Cable, as a distribution technology, has done a tremendous job in developing the cable and satellite market in India. However, in absence of appropriate regulations, and the lack of investment into new technology, cable, as a distribution platform, is not able to keep pace with either the expectations of the customers or the developments in the industry.
These networks continue to distribute channels in analog format and, thus, are not able to distribute more than seventy-odd channels. On the other hand, there are already more than 150 channels over the sky. Also, since the services on cable networks could not be tiered, there has been no incentive or business model for broadcasters to launch any premium/value added services.
Direct-to-home service plugs in that requirement smartly. As the footprint of the satellite covers the entire country, the large number of 40 million households who have TV but are not connected to cable could now access the services. The large number of customers acquired by Indias first DTH service in a short span of time is an indication of the opening of this large market in India.
While there are no restrictions in terms of channels being carried on DTH platform, what makes it really interesting is that one could tier the services to cater to different segments in the market.
Thus, for the first time in the country, a customer now has the power to choose what he wants to see and pay accordingly. This also opens up the market for the broadcasters who wish to launch niche channels or launch value-added services such as video on demand, interactive television, etc.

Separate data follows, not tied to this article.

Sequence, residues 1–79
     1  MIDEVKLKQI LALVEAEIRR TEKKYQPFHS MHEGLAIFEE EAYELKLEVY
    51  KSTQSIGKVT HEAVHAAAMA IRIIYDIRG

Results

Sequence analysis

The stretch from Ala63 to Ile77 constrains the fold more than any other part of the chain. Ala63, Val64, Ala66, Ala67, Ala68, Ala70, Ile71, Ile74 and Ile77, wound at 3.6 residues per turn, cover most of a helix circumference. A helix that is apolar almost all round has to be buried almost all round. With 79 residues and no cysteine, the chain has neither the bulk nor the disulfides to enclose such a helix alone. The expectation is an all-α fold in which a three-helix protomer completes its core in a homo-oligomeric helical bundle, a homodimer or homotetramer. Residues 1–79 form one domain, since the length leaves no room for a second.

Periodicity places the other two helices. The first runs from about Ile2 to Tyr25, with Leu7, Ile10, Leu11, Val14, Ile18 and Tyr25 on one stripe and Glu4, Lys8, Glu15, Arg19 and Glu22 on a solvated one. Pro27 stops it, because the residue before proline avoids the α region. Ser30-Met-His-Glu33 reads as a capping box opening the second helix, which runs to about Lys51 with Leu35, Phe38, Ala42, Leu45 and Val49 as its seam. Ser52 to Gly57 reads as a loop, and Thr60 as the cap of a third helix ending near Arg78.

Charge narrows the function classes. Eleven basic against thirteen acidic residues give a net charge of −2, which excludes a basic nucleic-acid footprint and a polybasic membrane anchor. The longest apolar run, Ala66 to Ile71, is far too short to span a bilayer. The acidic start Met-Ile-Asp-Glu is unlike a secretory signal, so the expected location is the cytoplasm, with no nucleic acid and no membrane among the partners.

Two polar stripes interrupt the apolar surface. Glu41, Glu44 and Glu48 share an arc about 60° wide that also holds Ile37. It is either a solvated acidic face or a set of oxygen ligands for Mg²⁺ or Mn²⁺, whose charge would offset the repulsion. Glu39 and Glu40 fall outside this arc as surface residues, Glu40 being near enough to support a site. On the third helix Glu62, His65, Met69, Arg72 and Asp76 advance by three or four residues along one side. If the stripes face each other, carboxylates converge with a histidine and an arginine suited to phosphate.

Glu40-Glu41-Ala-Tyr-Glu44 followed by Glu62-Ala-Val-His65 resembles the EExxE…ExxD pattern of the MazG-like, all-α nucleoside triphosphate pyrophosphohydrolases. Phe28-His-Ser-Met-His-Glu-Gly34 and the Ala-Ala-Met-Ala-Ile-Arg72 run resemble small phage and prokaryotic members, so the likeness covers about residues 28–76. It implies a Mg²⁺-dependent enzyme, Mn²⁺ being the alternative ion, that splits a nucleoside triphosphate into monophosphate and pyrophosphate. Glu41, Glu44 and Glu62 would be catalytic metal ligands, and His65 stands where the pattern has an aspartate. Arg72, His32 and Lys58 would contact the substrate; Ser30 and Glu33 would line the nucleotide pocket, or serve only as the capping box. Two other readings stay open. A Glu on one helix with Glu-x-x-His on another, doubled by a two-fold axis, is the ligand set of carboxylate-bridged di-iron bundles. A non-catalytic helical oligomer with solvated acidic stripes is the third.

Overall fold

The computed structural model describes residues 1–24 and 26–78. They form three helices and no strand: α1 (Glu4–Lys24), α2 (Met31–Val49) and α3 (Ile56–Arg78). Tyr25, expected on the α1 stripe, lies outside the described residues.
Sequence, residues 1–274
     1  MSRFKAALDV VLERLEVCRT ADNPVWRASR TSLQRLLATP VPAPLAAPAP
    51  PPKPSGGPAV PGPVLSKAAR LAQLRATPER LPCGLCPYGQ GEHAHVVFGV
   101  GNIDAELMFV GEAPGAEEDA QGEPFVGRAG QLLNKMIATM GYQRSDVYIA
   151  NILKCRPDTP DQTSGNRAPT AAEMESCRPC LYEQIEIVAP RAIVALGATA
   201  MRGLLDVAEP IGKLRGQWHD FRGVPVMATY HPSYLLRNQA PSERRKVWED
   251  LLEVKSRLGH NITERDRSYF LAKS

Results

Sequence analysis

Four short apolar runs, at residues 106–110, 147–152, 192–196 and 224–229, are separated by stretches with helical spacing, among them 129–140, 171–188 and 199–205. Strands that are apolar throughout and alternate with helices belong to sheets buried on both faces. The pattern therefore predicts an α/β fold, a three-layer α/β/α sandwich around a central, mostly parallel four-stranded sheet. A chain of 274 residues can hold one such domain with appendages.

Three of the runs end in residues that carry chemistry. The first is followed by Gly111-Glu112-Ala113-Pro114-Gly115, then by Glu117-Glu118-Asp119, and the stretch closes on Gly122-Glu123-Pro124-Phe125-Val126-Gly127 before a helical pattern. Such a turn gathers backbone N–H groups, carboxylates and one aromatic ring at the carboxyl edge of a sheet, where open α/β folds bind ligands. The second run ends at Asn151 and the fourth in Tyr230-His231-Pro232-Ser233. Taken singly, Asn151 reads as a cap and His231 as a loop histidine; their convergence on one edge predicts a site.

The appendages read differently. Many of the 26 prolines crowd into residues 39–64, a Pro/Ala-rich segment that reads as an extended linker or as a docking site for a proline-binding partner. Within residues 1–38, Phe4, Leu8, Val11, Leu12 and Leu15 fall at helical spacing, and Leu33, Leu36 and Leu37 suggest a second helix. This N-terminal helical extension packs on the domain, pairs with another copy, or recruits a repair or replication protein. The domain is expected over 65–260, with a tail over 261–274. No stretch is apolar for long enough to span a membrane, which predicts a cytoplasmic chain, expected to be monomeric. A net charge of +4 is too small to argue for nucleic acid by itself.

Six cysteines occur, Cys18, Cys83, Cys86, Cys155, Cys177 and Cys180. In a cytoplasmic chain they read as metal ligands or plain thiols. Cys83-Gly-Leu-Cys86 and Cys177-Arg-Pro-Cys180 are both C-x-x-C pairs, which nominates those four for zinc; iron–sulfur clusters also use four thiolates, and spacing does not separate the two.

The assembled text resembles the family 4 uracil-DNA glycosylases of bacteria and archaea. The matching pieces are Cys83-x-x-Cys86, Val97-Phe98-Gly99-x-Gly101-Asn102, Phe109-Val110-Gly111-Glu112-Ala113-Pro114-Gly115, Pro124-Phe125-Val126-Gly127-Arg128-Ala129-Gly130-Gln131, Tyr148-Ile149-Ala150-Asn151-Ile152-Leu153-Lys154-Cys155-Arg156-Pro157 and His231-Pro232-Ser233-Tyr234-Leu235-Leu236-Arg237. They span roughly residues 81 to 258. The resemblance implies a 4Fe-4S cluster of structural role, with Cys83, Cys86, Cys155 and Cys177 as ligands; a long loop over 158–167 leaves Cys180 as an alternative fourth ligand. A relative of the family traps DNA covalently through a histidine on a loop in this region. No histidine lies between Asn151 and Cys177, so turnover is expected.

Thirteen years back, the launch of Zeke TV revolutionalised the media industry in India and one has seen tremendous addition of value in all the elements of the value chain.
The introduction of Dish TV in the country is the precursor to another wave, which is set to revolutionalise the entertainment sector in India.
Will that mean the end of cable To be honest not really. The growth of DTH would ensure that cable networks do invest into the business to upgrade their services and try to match with the standard set by DTH.
Also, the low-entry cost for cable would ensure that large number of price sensitive customers do remain with the cable. DTH would grow exponentially both in rural as well as amongst quality conscious customers.
However, what is significant is the fact that next time a customer finds that his favourite channel is missing from the line up or that the channel line up has been changed without any reason or that he is not getting some of the channels he wanted to see, he would not have to resign to his fate, he would know where to contact to get alternate services. And that thought itself would bring smile back on his face.
The writer is CEO, Dish TV